- The Washington Times - Thursday, December 17, 2015

Authorities on Thursday brought the first criminal charges related to the San Bernardino terrorist attacks, charging a friend of the couple who carried out the mass shooting with the unlawful purchase of two assault rifles used in the massacre.

Enrique Marquez, who purchased two of the guns used by Syed Rizwan Farook and his wife Tashfeen Malik in the Dec. 2 mass shooting, was also accused of conspiring years earlier with Farook to carry out a separate terror attack that never materialized.

Prosecutors said Thursday that there was no evidence Mr. Marquez participated in the Dec. 2 attack, but that in 2011 and 2012 he and Farook had devised two elaborate terror plots that involved carrying out a mass shooting at a community college and throwing pipe bombs onto a major freeway.

“While there currently is no evidence that Mr. Marquez participated in the Dec. 2 attack or had advance knowledge of it, his prior purchase of the firearms and ongoing failure to warn authorities about Farook’s intent to commit mass murder had fatal consequences,” said U.S. Attorney Eileen M. Decker in a statement.

One plot involved halting traffic on California State Route 91 by throwing pipe bombs into the freeway and then using the AR-15 rifles that Mr. Marquez purchased to shoot people inside the stopped vehicles, according to a 37-page affidavit filed in federal court. Another plot involved shooting up the cafeteria of Riverside Community College, where both men had been students.

The guns used in the Dec. 2 attack were purchased during that time by Mr. Marquez and, according to prosecutors, he agreed to purchase the firearms because he believed his Caucasian appearance would draw less attention than Farook, a U.S. citizen of Pakistani heritage.

Additionally, the pair practiced shooting at local ranges and studied methods to build pipe bombs, with Mr. Marquez also purchasing smokeless powder they could use for the devices. The two did not go forward with their planned attack, in part because they got spooked after the arrest of another terror suspect, and authorities said Mr. Marquez began to distance himself from Farook in 2012.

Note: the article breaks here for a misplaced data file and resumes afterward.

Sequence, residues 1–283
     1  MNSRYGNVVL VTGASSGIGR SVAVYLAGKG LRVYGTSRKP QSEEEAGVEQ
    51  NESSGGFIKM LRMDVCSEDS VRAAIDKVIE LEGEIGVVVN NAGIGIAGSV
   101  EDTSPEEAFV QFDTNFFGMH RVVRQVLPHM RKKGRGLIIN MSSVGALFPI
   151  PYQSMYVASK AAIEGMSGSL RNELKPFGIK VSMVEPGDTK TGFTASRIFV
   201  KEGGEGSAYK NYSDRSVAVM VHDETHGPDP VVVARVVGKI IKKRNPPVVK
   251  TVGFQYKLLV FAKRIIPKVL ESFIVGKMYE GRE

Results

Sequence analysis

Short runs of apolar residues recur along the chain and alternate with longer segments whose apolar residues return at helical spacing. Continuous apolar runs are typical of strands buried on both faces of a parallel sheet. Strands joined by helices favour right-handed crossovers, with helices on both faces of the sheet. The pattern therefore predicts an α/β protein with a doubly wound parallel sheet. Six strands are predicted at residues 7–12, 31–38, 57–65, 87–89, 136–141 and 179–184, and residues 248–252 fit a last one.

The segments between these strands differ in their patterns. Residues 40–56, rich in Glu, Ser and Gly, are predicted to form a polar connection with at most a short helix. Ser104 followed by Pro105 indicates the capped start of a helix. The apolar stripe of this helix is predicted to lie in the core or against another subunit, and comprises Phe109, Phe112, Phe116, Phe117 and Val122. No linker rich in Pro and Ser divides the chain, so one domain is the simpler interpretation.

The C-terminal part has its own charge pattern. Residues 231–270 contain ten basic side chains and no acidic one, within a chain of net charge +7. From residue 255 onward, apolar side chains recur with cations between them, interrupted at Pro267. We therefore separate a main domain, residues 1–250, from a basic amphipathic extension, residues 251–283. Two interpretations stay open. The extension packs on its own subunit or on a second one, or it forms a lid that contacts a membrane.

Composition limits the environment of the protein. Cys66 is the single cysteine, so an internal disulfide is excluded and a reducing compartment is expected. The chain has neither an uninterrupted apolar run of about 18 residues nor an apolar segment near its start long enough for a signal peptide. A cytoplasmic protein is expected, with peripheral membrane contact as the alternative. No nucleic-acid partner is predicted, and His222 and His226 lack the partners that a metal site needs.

Mr. Marquez faces three criminal counts, and faces up to 15 years in prison on the most serious charge — conspiring to provide material help to terrorists.

Farook and Malik stormed a holiday party thrown at the Inland Regional Center by the government agency Farook worked for and opened fire inside, killing 14 people and injuring 22. The radicalized Muslim couple fled the area but had hoped for further destruction at the scene, leaving behind pipe bombs that failed to detonate. The bombs were similar in nature to those that Farook and Mr. Marquez had planned to build, according to court documents.

Both 28-year-old Farook and 29-year-old Malik were killed during a shootout with police hours after the massacre.

While the FBI has said previously that Farook and Malik, who married in 2014, had both been radicalized for several years, the charges filed Thursday offered the first details regarding how far back Farook had embraced violent ideology.

The friendship between Mr. Marquez and Farook stretches back to 2005, when Mr. Marquez’s family moved into a Riverside, California, home next door to Farook’s family. By 2007 Mr. Marquez had converted to Islam, and prosecutors said Farook introduced him to Islamist ideology.

“Over the next few years, Farook provided Marquez with radical Islamic materials, and by 2011, Marquez spent most of his time at Farook’s residence listening to lectures and watching videos involving radical Islamic content,” prosecutors said in a press release announcing the charges.

Mr. Marquez told authorities that in 2011, around the time they began plotting their terror attacks, that they reviewed instructions on how to make IEDs in Inspire magazine, which is published by al-Qaeda in the Arabian Peninsula (AQAP). Farook also confided in Mr. Marquez in August 2011 that he wanted to join AQAP in Yemen.

Mr. Marquez, 24, is also accused of defrauding immigration authorities by entering into a sham marriage with a Russian woman who was a member of Farook’s extended family. Beginning in November 2014 he was paid $200 a month to maintain the farce.

Farook’s decision to go forward with the Dec. 2 attacks appeared to have caught Mr. Marquez off guard. According to a transcript of a 911 call he placed the day after the attacks, he told an emergency call taker that he had given the guns to Farook for safekeeping.

“The f**king a**hole used my gun in the shooting,” Mr. Marquez told the 911 operator.

“To me, he was reliable enough for … storage, like to store my gun,” he later said on the phone call.

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